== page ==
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Microbiology. 2006 Feb;152(Pt 2):457-63.

Production and properties of the native Chromobacterium violaceum fucose-binding lectin (CV-IIL) compared to homologous lectins of Pseudomonas aeruginosa (PA-IIL) and Ralstonia solanacearum (RS-IIL).

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  • 1Faculty of Life Sciences, Bar-Ilan University, Ramat-Gan 52900, Israel.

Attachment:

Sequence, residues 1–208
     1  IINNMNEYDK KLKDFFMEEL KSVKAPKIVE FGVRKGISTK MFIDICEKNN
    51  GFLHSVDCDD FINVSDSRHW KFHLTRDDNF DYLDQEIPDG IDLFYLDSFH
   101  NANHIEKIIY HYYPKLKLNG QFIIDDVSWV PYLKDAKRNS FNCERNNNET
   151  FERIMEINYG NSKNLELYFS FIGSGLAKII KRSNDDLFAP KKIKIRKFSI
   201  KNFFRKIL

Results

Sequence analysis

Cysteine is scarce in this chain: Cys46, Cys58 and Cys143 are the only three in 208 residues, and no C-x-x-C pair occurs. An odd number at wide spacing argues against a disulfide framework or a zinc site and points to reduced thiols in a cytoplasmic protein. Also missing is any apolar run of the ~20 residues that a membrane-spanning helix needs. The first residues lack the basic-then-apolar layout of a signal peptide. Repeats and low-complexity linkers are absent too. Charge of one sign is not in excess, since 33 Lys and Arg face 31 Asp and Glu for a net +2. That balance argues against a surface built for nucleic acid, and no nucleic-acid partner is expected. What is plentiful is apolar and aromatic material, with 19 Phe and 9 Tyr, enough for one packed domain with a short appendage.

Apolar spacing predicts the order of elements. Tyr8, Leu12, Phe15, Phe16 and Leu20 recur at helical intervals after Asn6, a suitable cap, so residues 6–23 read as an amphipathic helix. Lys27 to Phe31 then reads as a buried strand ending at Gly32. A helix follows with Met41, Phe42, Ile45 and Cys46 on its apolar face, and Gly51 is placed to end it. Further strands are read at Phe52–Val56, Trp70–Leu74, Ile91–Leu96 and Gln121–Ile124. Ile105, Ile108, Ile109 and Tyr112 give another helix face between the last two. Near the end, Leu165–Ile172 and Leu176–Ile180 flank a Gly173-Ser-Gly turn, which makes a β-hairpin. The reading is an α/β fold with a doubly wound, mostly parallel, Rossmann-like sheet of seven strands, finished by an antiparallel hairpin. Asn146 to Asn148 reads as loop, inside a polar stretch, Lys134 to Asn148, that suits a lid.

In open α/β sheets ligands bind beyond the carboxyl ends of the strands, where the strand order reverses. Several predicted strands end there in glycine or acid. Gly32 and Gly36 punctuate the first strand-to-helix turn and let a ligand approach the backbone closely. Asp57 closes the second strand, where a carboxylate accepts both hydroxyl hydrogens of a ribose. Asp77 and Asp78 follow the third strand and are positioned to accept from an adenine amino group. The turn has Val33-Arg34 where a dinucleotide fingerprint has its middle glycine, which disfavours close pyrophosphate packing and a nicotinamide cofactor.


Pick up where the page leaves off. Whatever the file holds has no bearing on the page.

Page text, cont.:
Chromobacterium violaceum is a versatile, violet pigment (violacein)-producing beta-proteobacterium, confined to tropical and subtropical regions, dwelling in soil and water, like Pseudomonas aeruginosa and Ralstonia solanacearum. These three bacteria are saprophytes that occasionally become aggressive opportunistic pathogens virulently attacking animals (the first two) and plants (the third). The recent availability of their genome sequences enabled identification in the C. violaceum genome of an ORF (locus no. 1744) that is similar to those of P. aeruginosa and R. solanacearum lectins, PA-IIL and RS-IIL, respectively. A recombinant protein, CV-IIL, encoded by that ORF exhibited fucose>mannose-specific lectin activity resembling PA-IIL. This paper describes production and properties of the native CV-IIL, which, like PA-IIL and RS-IIL, is probably also a quorum-sensing-driven secondary metabolite, appearing concomitantly with violacein. Its formation is repressed in the CV026 mutant of C. violaceum, which lacks endogenous N-acylhomoserine lactone. The upstream extragenic sequence of its ORF contains a 20 bp sequence (5'-101-120) with partial similarities to the luxI-box and the related P. aeruginosa and R. solanacearum promoter boxes of quorum-sensing-controlled genes. The lectin level is augmented by addition of trehalose to the medium. The subunit size of CV-IIL (around 11.86 kDa) is similar to those of PA-IIL (11.73 kDa) and RS-IIL (11.60 kDa). Like PA-IIL, in the tetrameric form CV-IIL preferentially agglutinates alpha1-2 fucosylated H-positive human erythrocytes (regardless of their A, B or O type), as opposed to the O(h) Bombay type, but differs from it in having no interaction with rabbit erythrocytes and in displaying stronger affinity to l-galactose than to l-fucose. The greater similarity of CV-IIL to PA-IIL than to RS-IIL might be related to the selective adaptation of both C. violaceum and P. aeruginosa to animal tissues versus the preferential homing of R. solanacearum to plants.

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